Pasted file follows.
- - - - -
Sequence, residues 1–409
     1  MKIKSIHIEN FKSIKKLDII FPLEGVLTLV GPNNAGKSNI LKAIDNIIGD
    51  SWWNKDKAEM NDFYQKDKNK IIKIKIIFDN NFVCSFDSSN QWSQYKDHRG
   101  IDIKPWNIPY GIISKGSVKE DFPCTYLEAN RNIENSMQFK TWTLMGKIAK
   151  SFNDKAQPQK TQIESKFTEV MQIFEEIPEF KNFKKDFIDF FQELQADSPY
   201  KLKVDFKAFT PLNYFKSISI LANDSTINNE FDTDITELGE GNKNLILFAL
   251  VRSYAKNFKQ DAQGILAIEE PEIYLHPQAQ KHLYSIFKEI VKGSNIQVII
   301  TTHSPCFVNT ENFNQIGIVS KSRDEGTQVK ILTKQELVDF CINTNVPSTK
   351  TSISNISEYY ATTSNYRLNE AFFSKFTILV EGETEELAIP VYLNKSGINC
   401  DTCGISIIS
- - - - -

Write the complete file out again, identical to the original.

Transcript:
Sequence, residues 1–409
     1  MKIKSIHIEN FKSIKKLDII FPLEGVLTLV GPNNAGKSNI LKAIDNIIGD
    51  SWWNKDKAEM NDFYQKDKNK IIKIKIIFDN NFVCSFDSSN QWSQYKDHRG
   101  IDIKPWNIPY GIISKGSVKE DFPCTYLEAN RNIENSMQFK TWTLMGKIAK
   151  SFNDKAQPQK TQIESKFTEV MQIFEEIPEF KNFKKDFIDF FQELQADSPY
   201  KLKVDFKAFT PLNYFKSISI LANDSTINNE FDTDITELGE GNKNLILFAL
   251  VRSYAKNFKQ DAQGILAIEE PEIYLHPQAQ KHLYSIFKEI VKGSNIQVII
   301  TTHSPCFVNT ENFNQIGIVS KSRDEGTQVK ILTKQELVDF CINTNVPSTK
   351  TSISNISEYY ATTSNYRLNE AFFSKFTILV EGETEELAIP VYLNKSGINC
   401  DTCGISIIS